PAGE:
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Uniform climate sensitivity in tree-ring stable isotopes across species and sites in a mid-latitude temperate forest

Type of publication Peer-reviewed
Publikationsform Original article (peer-reviewed)
Author Hartl-Meier C., Zang C., Buntgen U., Esper J., Rothe A., Gottlein A., Dirnbock T., Treydte K.,
Project iTREE-Long-term variability of tree growth in a changing environment - identifying physiological mechanisms using stable C and O isotopes in tree rings.
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Original article (peer-reviewed)

Journal Tree Physiology
Volume (Issue) 35(1)
Page(s) 4 - 15
Title of proceedings Tree Physiology
DOI 10.1093/treephys/tpu096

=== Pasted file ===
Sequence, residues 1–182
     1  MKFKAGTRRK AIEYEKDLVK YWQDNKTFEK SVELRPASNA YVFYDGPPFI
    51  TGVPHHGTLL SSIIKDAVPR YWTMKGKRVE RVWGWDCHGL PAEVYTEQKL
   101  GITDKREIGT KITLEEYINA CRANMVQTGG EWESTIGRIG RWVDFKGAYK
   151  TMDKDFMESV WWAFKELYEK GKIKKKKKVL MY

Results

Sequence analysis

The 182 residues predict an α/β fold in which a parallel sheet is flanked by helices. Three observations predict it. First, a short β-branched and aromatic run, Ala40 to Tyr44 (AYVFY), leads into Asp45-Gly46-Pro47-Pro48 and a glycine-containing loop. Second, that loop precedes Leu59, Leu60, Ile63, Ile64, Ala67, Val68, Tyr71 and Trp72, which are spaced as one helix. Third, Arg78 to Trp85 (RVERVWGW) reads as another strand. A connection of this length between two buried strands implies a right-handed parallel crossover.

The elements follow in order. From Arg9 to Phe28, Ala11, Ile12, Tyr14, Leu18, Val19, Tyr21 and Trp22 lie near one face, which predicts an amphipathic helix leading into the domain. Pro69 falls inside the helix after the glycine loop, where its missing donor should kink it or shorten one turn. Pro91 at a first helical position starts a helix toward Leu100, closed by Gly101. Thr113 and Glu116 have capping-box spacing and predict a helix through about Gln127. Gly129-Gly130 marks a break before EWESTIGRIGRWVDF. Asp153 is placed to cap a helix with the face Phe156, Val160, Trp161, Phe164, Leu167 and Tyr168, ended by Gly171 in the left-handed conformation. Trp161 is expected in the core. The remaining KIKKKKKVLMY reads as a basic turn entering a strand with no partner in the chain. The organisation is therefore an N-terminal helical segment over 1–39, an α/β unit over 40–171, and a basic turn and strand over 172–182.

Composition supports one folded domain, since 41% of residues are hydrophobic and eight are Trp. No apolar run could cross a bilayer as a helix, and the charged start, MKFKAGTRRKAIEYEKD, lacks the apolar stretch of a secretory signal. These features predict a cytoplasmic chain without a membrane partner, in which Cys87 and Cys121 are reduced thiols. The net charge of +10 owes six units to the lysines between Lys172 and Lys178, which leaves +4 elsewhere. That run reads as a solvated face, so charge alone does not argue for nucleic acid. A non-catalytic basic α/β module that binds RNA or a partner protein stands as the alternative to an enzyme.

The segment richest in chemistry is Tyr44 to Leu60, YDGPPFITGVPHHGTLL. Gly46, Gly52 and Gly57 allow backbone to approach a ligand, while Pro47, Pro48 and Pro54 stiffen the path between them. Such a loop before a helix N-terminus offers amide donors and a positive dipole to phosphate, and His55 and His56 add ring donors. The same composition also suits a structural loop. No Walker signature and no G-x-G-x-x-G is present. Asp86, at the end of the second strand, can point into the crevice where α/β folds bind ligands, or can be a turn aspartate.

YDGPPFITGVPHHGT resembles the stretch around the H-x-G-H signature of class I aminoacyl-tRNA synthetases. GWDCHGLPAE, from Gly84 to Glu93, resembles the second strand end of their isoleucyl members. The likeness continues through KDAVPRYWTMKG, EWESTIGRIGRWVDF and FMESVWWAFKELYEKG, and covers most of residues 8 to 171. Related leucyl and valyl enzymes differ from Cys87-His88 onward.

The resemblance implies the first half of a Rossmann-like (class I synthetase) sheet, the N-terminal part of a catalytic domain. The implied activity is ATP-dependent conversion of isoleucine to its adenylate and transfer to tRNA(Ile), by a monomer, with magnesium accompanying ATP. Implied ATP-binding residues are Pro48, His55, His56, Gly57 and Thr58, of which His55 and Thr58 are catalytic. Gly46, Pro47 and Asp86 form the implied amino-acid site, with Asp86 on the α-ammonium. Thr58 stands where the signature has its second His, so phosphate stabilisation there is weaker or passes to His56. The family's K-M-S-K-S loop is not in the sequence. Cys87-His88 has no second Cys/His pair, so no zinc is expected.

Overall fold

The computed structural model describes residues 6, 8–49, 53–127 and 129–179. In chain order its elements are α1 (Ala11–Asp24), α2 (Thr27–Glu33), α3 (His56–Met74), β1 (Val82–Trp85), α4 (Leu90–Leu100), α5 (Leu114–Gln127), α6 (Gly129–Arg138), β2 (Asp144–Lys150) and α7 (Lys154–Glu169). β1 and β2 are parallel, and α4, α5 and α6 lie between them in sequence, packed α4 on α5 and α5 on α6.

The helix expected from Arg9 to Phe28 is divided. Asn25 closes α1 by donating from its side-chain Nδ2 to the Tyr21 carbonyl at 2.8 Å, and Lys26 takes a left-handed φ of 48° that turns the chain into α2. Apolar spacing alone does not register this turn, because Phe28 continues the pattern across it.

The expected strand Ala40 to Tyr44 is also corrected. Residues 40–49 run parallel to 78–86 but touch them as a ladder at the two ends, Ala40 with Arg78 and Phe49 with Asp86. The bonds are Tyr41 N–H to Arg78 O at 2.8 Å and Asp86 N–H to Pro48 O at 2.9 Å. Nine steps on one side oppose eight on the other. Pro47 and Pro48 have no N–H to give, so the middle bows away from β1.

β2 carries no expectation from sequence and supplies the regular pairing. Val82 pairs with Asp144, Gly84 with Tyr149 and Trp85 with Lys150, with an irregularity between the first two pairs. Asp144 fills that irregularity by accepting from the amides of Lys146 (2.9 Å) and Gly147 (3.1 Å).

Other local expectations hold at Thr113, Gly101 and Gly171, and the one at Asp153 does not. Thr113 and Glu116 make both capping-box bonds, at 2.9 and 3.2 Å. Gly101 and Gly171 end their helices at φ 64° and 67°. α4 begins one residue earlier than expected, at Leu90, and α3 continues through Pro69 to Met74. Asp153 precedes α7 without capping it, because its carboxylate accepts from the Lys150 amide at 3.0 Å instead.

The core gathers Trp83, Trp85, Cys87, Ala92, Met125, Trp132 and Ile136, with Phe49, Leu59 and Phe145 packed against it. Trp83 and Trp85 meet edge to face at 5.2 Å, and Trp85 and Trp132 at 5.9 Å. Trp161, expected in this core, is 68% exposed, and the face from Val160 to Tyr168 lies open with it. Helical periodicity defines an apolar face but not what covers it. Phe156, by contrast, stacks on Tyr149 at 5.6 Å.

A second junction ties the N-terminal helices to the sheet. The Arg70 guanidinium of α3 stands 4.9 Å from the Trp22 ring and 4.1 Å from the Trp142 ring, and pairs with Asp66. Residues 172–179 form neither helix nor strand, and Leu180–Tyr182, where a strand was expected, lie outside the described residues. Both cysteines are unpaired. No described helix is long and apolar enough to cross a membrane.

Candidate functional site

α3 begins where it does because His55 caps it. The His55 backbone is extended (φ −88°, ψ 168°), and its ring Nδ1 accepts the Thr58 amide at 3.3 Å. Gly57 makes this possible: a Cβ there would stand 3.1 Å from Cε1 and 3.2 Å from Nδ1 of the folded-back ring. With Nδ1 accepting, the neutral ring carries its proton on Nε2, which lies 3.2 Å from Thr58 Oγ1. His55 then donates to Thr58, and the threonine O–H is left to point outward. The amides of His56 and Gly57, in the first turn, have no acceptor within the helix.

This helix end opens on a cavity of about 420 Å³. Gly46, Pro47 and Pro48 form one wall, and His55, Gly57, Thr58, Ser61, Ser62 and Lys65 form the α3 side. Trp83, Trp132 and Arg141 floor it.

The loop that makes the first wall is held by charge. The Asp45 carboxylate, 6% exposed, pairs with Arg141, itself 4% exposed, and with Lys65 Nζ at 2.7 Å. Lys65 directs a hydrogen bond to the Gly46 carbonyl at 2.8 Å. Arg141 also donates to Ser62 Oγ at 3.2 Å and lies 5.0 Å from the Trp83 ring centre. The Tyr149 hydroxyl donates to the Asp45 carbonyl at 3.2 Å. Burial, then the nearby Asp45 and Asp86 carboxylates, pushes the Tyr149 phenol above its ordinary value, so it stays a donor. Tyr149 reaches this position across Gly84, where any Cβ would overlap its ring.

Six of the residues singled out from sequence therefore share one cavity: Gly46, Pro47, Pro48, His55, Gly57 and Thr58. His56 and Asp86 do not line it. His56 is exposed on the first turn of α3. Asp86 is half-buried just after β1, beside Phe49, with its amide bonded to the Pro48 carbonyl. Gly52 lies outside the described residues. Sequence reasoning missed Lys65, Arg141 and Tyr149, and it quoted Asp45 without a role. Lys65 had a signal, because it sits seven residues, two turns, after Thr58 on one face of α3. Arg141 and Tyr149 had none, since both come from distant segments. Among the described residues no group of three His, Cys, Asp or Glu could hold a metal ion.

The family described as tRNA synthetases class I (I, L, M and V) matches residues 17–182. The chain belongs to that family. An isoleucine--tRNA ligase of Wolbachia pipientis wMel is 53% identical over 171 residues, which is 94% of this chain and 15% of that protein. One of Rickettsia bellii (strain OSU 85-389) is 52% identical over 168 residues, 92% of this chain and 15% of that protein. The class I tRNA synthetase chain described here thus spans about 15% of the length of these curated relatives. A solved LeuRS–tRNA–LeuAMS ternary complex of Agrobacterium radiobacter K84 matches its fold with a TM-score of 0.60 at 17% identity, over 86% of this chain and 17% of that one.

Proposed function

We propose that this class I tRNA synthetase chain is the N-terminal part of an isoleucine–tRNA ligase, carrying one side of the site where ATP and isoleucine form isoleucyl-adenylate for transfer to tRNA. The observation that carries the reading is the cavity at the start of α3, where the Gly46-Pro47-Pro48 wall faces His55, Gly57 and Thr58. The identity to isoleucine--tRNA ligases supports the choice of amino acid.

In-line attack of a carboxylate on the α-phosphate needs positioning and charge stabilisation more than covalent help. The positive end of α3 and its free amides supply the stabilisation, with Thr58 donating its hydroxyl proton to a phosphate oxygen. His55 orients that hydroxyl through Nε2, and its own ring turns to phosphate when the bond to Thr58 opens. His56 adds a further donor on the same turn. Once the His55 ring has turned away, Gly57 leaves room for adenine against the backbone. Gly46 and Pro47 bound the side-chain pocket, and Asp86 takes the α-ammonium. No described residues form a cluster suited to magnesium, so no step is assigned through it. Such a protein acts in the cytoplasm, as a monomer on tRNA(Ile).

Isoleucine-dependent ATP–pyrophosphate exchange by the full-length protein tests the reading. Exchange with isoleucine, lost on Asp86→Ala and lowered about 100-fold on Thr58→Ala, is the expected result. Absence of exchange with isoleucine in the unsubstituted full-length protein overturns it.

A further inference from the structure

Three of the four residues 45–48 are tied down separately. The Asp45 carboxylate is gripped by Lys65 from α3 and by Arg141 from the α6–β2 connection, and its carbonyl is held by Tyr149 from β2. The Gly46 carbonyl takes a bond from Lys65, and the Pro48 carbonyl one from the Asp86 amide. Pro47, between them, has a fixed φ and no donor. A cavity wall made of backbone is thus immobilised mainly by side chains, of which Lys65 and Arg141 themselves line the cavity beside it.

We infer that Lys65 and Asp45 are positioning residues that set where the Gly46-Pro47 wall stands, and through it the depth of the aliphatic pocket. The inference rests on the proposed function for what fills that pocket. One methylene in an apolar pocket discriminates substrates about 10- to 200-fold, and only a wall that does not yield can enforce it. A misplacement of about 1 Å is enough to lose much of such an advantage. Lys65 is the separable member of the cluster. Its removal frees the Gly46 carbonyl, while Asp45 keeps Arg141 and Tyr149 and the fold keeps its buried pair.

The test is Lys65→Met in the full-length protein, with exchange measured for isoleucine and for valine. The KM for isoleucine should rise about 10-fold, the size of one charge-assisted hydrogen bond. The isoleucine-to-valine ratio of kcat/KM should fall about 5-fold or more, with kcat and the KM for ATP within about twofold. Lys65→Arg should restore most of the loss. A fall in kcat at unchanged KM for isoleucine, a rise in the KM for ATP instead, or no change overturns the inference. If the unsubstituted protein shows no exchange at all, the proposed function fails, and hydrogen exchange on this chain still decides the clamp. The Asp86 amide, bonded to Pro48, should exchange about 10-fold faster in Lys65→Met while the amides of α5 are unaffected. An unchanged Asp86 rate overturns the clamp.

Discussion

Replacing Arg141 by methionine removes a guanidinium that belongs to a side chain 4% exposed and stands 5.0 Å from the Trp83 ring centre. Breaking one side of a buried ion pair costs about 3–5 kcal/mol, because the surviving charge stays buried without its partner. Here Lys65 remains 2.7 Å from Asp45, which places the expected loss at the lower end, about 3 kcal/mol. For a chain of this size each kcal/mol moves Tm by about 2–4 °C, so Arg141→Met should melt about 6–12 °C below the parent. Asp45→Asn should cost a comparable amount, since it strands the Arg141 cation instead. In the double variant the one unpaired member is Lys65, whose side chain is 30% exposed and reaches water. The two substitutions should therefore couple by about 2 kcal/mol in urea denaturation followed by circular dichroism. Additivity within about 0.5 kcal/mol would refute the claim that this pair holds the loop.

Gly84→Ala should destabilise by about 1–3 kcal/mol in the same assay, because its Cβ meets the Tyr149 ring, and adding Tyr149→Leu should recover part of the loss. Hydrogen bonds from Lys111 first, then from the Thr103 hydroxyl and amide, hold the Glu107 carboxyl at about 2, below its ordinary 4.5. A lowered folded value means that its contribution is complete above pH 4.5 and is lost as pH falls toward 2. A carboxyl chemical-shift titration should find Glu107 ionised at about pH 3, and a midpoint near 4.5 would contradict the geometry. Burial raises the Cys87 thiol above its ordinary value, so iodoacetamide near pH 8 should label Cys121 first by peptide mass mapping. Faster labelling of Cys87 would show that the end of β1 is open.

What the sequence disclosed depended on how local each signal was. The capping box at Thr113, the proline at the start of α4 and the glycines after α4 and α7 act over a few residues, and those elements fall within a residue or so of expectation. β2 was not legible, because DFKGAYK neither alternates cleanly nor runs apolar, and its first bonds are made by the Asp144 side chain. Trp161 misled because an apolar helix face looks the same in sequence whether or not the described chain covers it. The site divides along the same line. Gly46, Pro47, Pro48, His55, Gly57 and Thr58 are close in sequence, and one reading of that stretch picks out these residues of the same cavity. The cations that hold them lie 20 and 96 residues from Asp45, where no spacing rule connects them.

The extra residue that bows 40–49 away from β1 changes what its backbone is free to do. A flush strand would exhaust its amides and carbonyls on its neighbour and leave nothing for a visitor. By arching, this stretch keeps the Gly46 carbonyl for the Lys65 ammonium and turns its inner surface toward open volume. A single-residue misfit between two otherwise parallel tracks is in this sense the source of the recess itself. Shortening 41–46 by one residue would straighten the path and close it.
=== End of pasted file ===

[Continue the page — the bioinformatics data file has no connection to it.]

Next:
Tree-ring stable isotopes, providing insight into drought-induced eco-physiological mechanisms, are frequently used to reconstruct past changes in growing season temperature and precipitation. Their climatic response is, however, still not fully understood, particularly for data originating from non-extreme, mid-latitude environments with differing ecological condi- tions. Here, we assess the response of δ13C, δ18O and tree-ring width (TRW) from a temperate mountain forest in the Austrian pre-Alps to climate and speci c drought events. Variations in stem growth and isotopic composition of Norway spruce, com- mon beech and European larch from dry, medium and moist sites are compared with records of sunshine, temperature, mois- ture, precipitation and cloud cover. Results indicate uniform year-to-year variations in δ13C and δ18O across sites and species, but distinct differences in TRW according to habitat and species. While the climate sensitivity of TRW is overall weak, the δ13C and δ18O chronologies contain signi cant signals with a maximum sensitivity to cloud cover changes (r=−0.72 for δ18O). The coherent inter-annual isotopic variations are accompanied by substantial differences in the isotopic signatures with offsets up to ∼3‰ for δ13C, indicating species-speci c physiological strategies and varying water-use ef ciencies. During severe summer drought, beech and larch bene t from access to deeper and moist soils, allowing them to keep their stomata open. This strategy is accompanied by an increased water loss through transpiration, but simultaneously enables enhanced pho- tosynthesis. Our ndings indicate the potential of tree-ring stable isotopes from temperate forests to reconstruct changes in cloud cover, and to improve knowledge on basic physiological mechanisms of tree species growing in different habitats to cope with soil moisture de cits.